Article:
However, don’t skip Mortal Kombat 1’s story. Not because of its quality, which will be up to you, but because you’ll earn unique pieces of Gear after almost any fight. These are cosmetic items that you won’t be able to earn in another way.

Plus, the Story Mode can be finished quickly by skipping every cutscene.

Finish Invasion Mode As Soon As Possible

Li Mei moving through the board inside Johnny's mansion.

Invasion Mode is a brand new way of playing Mortal Kombat. Here you choose your two characters and start moving on a board, like it was Mario Party. Each circle you reach will have a battle, a minigame, or a reward.

You should finish your available board before the current season changes because it will also change which board is available. What’s more, this is a mode in which you will earn Seasonal Kredits, which is a currency that lets you buy unique items in the Seasonal Store.

Plus, it’s the best mode to farm your Profile Level and your Fighter and Kameo Mastery Ranks. To learn more about this, please visit this guide.

Don’t Jump Intro Trials Right Away

A screenshot showing Ashrah's seventh trial and the combo required to complete it.

In the Tutorial section of the game, you’ll find that every main character has a series of seven trials with combos that you need to perform. In a sense, this is a good way of learning a little more about your Fighter and what you can do with them. However, it can also be a mistake to make this your first stop.

The thing is, there might be a small number of combos for each member of the roster, but they wildly vary in difficulty, and you’ll quickly find trials that are way too hard for your current level. This can be frustrating and make you feel that you’ll never learn how to properly play. But this is another mistake: you’re just trying to do something that requires (at least) dozens of hours of play if you’re new to fighting games.

It’s worth mentioning that the combos available in these modes are never the best combos you can do in the game. Nor the most optimal ones.

Related: Mortal Kombat 1: How To Unlock Every Second Fatality

Beware Of Blocking Too Much

A screenshot showing the tutorial for Flawless Block, with Sub-Zero shining in a yellow aura when Li Mei is about to strike.

Mortal Kombat 1 may have defensive options, but don’t let them fool you: this is a game that encourages you to be aggressive.

It could be said that blocking is better than receiving blows into your head, and that’s hardly debatable. But, on the other hand, you should know that each time you block an attack, you’ll get chip damage. This means, you won’t get as much damage as if you hadn’t blocked the attack, but you’ll still get some.

While the amount of damage will look marginal at first, once you find enemies who know how to keep the pressure on you, you’ll start losing significant percentages of HP. It’s best to start thinking offensively from the beginning.

There’s a mechanic called Flawless Block that lets you block while receiving little to no damage from your enemy attacks, while also preventing them from building their Special Meter.

However, this works as a parry (you need to block at the exact moment before the move touches you) and is incredibly difficult for beginners.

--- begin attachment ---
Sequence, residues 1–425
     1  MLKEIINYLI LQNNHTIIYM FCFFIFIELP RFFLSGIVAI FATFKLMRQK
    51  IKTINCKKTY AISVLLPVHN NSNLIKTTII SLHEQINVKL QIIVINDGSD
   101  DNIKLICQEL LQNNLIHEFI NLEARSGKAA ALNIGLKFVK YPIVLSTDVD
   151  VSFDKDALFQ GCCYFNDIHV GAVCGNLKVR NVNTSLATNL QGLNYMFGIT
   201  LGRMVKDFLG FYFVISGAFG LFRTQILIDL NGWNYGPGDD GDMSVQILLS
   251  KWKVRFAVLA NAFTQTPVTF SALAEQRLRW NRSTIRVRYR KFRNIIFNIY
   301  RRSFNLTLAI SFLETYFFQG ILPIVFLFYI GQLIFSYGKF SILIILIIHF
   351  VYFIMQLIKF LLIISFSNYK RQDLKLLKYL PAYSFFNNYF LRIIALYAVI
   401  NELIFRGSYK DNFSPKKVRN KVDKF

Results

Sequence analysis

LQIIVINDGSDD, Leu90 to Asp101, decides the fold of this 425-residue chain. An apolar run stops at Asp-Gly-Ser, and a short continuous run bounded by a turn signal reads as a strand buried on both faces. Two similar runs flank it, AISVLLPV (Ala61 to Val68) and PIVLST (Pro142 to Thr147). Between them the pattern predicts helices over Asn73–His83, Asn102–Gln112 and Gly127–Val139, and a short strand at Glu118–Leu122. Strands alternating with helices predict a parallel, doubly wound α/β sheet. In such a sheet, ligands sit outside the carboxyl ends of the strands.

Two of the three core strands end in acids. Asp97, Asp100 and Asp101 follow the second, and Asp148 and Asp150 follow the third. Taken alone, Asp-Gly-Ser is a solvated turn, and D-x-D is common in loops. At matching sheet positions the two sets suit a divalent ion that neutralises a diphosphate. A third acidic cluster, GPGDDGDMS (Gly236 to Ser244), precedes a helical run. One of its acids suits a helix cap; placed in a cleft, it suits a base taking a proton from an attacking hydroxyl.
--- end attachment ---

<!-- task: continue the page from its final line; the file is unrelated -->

Spend Hours In The Lab

Smoke sending Ashrah flying away with a flying kick.

Yes, you knew this was coming. If you read pro players or just people who play fighting games in more than a casual way, it’s most likely that you have heard the term “The Lab.” This is another way of calling the Training Mode, and it’s one of the most important features in any fighting game.

Part of learning how to properly play a title in this genre is to learn what your character can do and find out what you can experiment with them in The Lab. Obviously, if you’re new to the genre you’ll have a rough time finding out all the options available by mere practice. You can always check out other players’ guides and have a better understanding of your fighter.

However, that will only work on theory. To properly learn what you have read or watched, you first need to practice it hundreds (or thousands) of times in Training. Only after you can do something without fail against a dummy, you should start trying it with other players.

Beware that you’ll probably forget all your combos and cool moves once you’re fighting a real person in the game. That’s totally normal, and also part of the experience. You need to keep practicing and testing everything in the field until it becomes second nature.

Aerial Kombo Is The Way

Ashra attacking Kenshi while being in the air.

Most modern Mortal Kombat entries don’t have a lot of aerial combat. Yes, you have aerial special moves, you can dive kick your way in while in the air, and some characters even have aerial throws. But not much else.

Things are a bit different in MK 1. Here a lot of characters have gained aerial special moves that they didn’t have previously, and also you have Air Kombo Strings (basically, short sequences of attacks that perform a unique move). You can mix them with launchers (moves that send the enemy into the air).

Learning how to fight in the air is a huge deal in this game. Practice your Air Kombo Strings and how to cancel them into special moves and you’ll earn a lot of experience for your battles.

Forget About Kombo Breakers (For Now)

A picture showing two humans being attacked by Baraka's people.

Kombo Breaker is a move that has been introduced in a specific way in the series since Mortal Kombat 9. Basically, when you’re getting hit, you press forward and the Block button. By doing this, your Kameo will appear and stop the enemy’s attack.

Sounds good, right? The problem, however, is that this move costs all your Special Meter. This is useful when you’re playing against high-level players that can take 50 percent of your life or more in a single combo, but it won’t be necessary at all against newcomers like you.

Instead, take advantage of your meter by using enhanced versions of your special moves. Learn more about these versions, as they usually have unique attributes, like giving you armor, changing sides with your opponent, allowing for combo extensions, etc.

Next: Mortal Kombat 1: Gear System, Explained